When the Foundation for Chinese Performing Arts invited veteran violinist Cho-Liang Lin to deliver its 147th recital (since 1989), he responded with the suggestion, as he did in his four previous appearances for the foundation, of appearing with two other performers rather than simply delivering a violin and piano recital. He had worked with the experienced chamber music cellist Clive Greensmith and the young Finish pianist Juho Pohjonen before, but the threesome formed a new enterprise.
Lin’s collaboration with Greensmith in the devilishly difficult and cognoscenti-pleasing four-movement Sonata for Violin and Cello by Ravel found both artists in excellent form, both individually and collaboratively at Jordan Hall on Saturday night. Ravel wrote of this tribute to Debussy, “I think this sonata marks a turning point in my career. The music is stripped to the bone. The allure of harmony is rejected and more and more there is a return of the emphasis on melody.” Annotator Jannie Burdetti writes of the somewhat dry and acerbic piece:
Two single melodic lines open the first movement. The violin oscillates between major and minor, while the cello enters the same register and is at times even higher than the violin. It creates a kaleidoscopic effect of an eight-stringed instrument. The sonata is cyclic, and two themes that are introduced in the opening continue to return, transformed in each of the following movements.
Temperamentally and sonically the players showed great compatibility. Both had strong technical command, which came across as quiet confidence rather than overt theatricality. It sounded as though they were making music for their own pleasure and small group of friends. But that approach worked in this distinctive piece. In the somewhat lyric Allegro they imitated each other with important differences in fleet lucidity. The generous profusion of pizzes in the Tres vif movement alternated with digging-in bows. The well-traded dominance described a notable arc and built to an agitated, dissonant ending through the movement’s continuing broken and mayhaps vague references to the Dies irae, which also seem to perfume the long and tragically austere Lent. Greensmith entered that third movement steady and pure, and Lin responded with even more poignant restraint, but the muted recap at the end felt distanced. Vif, avec entrain eagerly bounded across the extended stage with tight ensemble, albeit feeling small-boned and a bit too tidy. After the lively sul ponticello episodes, the duo seemed to catch fire and earned a generous ovation from the sizable crowd.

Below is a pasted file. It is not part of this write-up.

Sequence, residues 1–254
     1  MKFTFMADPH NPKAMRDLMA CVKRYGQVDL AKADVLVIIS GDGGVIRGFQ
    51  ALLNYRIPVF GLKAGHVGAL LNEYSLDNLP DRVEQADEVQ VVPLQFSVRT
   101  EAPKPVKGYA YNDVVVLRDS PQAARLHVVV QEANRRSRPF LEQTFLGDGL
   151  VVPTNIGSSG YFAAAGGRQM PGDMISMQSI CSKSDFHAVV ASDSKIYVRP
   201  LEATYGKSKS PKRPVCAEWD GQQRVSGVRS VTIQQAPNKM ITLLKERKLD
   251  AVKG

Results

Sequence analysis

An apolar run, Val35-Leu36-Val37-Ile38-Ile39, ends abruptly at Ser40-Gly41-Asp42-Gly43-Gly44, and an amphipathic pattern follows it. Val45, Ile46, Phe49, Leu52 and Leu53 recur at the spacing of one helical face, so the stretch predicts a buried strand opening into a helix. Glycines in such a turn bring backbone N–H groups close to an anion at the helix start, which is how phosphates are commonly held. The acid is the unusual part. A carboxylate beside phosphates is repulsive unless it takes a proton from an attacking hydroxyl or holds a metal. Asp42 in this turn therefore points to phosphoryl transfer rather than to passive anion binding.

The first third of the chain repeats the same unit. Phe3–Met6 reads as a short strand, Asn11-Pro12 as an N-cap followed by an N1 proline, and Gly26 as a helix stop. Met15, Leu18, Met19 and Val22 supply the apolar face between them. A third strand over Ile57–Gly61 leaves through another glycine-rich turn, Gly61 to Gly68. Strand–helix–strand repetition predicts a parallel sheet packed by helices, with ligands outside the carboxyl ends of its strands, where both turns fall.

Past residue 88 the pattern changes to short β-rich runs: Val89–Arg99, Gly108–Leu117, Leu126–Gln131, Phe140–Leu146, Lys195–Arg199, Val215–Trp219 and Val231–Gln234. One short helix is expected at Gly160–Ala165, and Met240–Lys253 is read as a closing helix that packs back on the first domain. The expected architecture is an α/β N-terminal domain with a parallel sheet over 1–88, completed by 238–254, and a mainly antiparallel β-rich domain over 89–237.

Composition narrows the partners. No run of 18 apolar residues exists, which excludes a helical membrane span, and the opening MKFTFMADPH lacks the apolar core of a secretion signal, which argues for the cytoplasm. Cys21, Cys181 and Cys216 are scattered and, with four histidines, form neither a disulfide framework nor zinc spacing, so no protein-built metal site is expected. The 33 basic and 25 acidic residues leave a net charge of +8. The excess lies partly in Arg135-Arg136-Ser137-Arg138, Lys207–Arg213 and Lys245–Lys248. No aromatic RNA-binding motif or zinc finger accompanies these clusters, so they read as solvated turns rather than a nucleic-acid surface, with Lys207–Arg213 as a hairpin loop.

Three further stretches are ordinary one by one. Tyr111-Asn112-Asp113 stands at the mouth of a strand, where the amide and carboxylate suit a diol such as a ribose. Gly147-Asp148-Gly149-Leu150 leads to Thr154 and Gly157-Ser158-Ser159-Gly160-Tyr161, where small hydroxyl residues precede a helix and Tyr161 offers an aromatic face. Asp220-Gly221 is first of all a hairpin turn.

The show had opened with a not entirely successful partnership in Bach’s Sonata No. 6 in G Major BWV 1019. The last work in this genre for the master not surprisingly gives twice as many lines to the keyboardist as to the violinist. In this example Bach realized the figured base to assure that listeners 200 years later would hear what hear what he had in his head. Did that give license to Juho Pohjonen to overplay? Though a facile and accurate pianist with a well-focused tone and a solid drive, with the lid open on the 9-foot Steinway, he covered the violinist much of the time. Nor did there seem to be much interplay or listening from either player. In this fast-slow-fast-slow-fast sonata, the two players could have been in separate rooms, and we witnessed little notable shaping or felicities of expression beyond movement-ending ritards. Furthermore, Lin worried us by taking quite a while to warm up.
Schumann’s short Intermezzo and Brahms’s longer Scherzo from the collaborative F-A-E Sonata again paired Lin and Pohjonen. If the players intended any stylistic distinction between Baroque- and Romantic-period playing, it eluded me. Schumann’s movement lacked sweep and Lin all but disappeared. Finally, in the Brahms portion, Lin began to show some attitude, but the pianist didn’t know when to back off and he rushed. Ensemble threatened to spin out of control at times, and Lin’s 1715 “Titian” Stradivarius never took flight.
Brahms’s Piano Trio in C major, Opus 87, a beery, red-meat romp, did elicit some romantic impulses from the threesome, though the dubious tuning of the opening octaves in the strings hardly inspired confidence. Shaky ensemble and heavy plodding notwithstanding, the emphatic finish and big gestures made for a winsome free-for-all, though not inspiring enough outing to elicit an encore.
Lee Eiseman is the publisher of the Intelligencer